The ending of the Adventures of Huckleberry Finn does not work because the events show that Huck and Jim’s journey downstream did not actually result in Jim’s freedom or Huck’s maturity. Jim embarks on this journey for the sole purpose of being a free man, which according to the ending, is useless. He flees his slaveholder, Miss Watson, knowing that it is his only chance of freedom.
According to Jim, he heard her “tell the wider she gwyne to sell me down to Orleans” because even though she technically did not want to do it, “she could git eight hund’d dollars,” which “she couldn’ resis’. (p 65) Jim and Huck went about their journey fearing the possibility of Jim being caught and taken away as a runaway slave. This made their journey all the more difficult because even the slightest misstep could send Jim back to slavery.
Huck went to extremes to protect Jim, especially toward the end of their journey when he pretended that the people on his boat had smallpox to avoid being inspected for runaway slaves, even though Huck even expressed, “I knowed very well I had done wrong. (p 104) Huck and Jim’s carefulness throughout the novel revolves around Jim’s enslavement.
It was certainly not easy, but they went out of their way to ensure Jim’s safety. However, in the ending of the novel, Huck and Jim discover that “Old Miss Watson died… and she set him free in her will. ” (p 260). In learning so, Huck and Jim basically learn that going to such great lengths to protect Jim served no purpose because he was already free. The fact that Miss Watson freed Jim comes as a complete surprise, mainly because she is “the Enemy. (p 293) Huck and Jim’s efforts should have enabled his freedom, but instead their endeavors were nearly useless, and his freedom is credited to the person from whom they were trying to escape.
After all, the “freedom which Jim seeks, and which Huck and Jim temporarily enjoy aboard the raft, is accordingly freedom from everything for which Miss Watson stands. ” (p 293) The ending of the novel eradicates the new set of values that Huck had gained throughout his journey, once again proving the journey useless.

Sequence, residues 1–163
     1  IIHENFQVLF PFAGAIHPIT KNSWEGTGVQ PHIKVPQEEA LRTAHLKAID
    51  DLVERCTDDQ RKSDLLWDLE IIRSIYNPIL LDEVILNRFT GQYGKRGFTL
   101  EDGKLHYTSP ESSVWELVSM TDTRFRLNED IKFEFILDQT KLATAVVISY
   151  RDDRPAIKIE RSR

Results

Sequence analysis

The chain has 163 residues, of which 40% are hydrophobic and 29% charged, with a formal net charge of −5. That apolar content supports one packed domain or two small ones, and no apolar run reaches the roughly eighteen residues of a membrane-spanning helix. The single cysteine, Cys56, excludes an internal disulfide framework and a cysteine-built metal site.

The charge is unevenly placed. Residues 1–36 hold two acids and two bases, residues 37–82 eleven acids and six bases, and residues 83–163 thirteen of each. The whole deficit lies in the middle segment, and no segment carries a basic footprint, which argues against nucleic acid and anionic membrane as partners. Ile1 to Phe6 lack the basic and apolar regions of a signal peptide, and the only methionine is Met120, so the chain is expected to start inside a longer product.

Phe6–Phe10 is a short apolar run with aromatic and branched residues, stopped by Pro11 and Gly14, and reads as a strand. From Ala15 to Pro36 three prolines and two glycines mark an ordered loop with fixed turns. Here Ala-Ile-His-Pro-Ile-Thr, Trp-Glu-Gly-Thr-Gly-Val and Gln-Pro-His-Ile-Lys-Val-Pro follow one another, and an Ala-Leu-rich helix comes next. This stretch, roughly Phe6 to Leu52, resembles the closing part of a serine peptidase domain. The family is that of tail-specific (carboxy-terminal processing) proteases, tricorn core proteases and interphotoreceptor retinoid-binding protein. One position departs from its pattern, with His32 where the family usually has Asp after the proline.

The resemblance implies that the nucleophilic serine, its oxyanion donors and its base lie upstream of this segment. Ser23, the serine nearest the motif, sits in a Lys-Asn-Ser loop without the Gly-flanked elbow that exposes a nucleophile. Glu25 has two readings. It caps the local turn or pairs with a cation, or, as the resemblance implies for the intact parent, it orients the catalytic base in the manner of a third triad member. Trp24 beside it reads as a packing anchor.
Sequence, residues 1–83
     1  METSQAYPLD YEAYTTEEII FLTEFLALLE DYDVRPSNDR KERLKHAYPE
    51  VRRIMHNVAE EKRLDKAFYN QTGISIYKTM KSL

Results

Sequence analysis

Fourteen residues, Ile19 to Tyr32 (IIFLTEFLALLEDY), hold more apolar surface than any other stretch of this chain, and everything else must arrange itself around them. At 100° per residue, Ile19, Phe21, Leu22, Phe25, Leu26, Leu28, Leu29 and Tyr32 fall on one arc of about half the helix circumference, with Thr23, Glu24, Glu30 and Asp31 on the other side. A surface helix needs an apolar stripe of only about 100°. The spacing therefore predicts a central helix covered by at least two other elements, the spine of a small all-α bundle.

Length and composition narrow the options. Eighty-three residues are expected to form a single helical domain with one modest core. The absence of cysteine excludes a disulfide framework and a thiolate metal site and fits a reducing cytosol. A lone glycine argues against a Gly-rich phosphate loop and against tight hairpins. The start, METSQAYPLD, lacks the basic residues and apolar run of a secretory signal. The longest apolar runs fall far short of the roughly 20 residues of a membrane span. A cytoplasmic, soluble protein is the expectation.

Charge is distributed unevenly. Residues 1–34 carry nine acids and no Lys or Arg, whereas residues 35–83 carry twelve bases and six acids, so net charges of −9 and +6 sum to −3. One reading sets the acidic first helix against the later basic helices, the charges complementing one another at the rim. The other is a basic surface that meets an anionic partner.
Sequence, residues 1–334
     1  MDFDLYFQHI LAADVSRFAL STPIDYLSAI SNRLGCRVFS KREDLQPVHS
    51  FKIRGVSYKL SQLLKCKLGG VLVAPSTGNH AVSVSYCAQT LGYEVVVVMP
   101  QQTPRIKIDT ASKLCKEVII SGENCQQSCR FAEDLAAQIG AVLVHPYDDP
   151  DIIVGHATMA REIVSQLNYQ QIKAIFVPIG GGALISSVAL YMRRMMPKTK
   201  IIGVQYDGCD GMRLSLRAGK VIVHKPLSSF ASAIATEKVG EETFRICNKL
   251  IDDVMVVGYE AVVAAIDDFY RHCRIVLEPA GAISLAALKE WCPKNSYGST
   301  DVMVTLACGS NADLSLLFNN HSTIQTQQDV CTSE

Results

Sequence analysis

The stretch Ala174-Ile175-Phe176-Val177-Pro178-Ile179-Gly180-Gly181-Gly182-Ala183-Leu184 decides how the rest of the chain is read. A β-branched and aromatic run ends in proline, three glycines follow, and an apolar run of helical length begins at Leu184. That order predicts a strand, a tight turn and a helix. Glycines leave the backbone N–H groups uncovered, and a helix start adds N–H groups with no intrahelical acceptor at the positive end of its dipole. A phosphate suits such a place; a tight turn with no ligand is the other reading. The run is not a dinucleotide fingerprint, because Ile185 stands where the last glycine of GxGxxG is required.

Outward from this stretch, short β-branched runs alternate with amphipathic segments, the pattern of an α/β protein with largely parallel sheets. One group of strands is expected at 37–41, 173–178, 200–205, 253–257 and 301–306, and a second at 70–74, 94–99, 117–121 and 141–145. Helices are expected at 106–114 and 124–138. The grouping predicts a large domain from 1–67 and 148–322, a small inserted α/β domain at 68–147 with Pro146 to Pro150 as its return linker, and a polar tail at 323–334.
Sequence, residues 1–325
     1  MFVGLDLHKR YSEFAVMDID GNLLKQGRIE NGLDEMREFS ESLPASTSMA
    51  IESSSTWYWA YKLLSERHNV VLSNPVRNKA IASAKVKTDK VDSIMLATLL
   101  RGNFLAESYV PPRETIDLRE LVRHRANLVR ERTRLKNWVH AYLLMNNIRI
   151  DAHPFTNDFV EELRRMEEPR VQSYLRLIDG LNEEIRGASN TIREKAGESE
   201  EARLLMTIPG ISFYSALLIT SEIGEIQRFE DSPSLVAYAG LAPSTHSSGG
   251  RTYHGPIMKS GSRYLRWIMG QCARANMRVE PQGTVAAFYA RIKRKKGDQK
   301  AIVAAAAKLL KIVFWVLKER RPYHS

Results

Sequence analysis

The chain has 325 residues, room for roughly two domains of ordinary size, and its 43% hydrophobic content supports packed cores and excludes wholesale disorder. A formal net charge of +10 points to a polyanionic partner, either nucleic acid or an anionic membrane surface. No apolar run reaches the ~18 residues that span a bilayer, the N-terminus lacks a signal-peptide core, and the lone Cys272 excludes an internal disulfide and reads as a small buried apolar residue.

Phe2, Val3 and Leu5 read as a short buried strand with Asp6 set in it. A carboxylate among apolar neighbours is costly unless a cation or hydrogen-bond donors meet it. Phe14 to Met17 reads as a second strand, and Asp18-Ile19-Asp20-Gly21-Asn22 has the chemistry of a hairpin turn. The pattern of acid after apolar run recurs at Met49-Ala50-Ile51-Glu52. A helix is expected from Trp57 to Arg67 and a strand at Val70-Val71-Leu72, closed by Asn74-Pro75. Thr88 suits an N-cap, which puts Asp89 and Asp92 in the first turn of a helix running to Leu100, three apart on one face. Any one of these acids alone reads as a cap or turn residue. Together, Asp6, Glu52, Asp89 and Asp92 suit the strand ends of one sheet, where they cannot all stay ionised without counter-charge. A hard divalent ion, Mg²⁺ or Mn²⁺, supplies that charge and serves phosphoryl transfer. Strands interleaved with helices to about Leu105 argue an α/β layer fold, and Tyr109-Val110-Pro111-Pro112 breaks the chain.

In the beginning of the novel, Huck simply follows Tom Sawyer’s orders by mocking Jim, just as Tom had rather than independently making his own judgment. When Huck and Tom sneak out at night in chapter two, Tom insists on taunting Jim once he falls asleep and “slipped Jim’s hat off of his head and hung it on a limb right over him. ” (p 36) Huck simply follows Tom’s cruel actions, not being an individual in Tom’s presence. During Huck and Jim’s journey, however, Huck is able to step out and think independently and develop his own set of morals.
Jim’s devastated reaction to one of Huck’s pranks, for example, causes Huck to reflect on his values, and allows him to realize his wrongdoings and how Jim’s feelings affected him; from then on, he “didn’t do him no more mean tricks. ” (p100) Huck manages to protect himself and Jim through a series of schemes, some of which included him dressing up as a girl and faking an illness to keep Jim from getting caught. He separates himself from society, gradually opening his mind toward the idea of befriending a black man.
This journey enables Huck to break free of the barrier of society’s expectations and truly be himself. The ending, however, takes this accomplishment away from him. Once Tom randomly appears in the ending, Huck somehow develops a sense of inferiority and is unable to make his own decisions. By leaving Tom in the beginning of the novel, Huck “has rejected Tom’s romanticizing of experience…as part of the larger pattern of society’s make-believe. ” (p299) Huck’s return to one of Tom’s followers represents his defeat.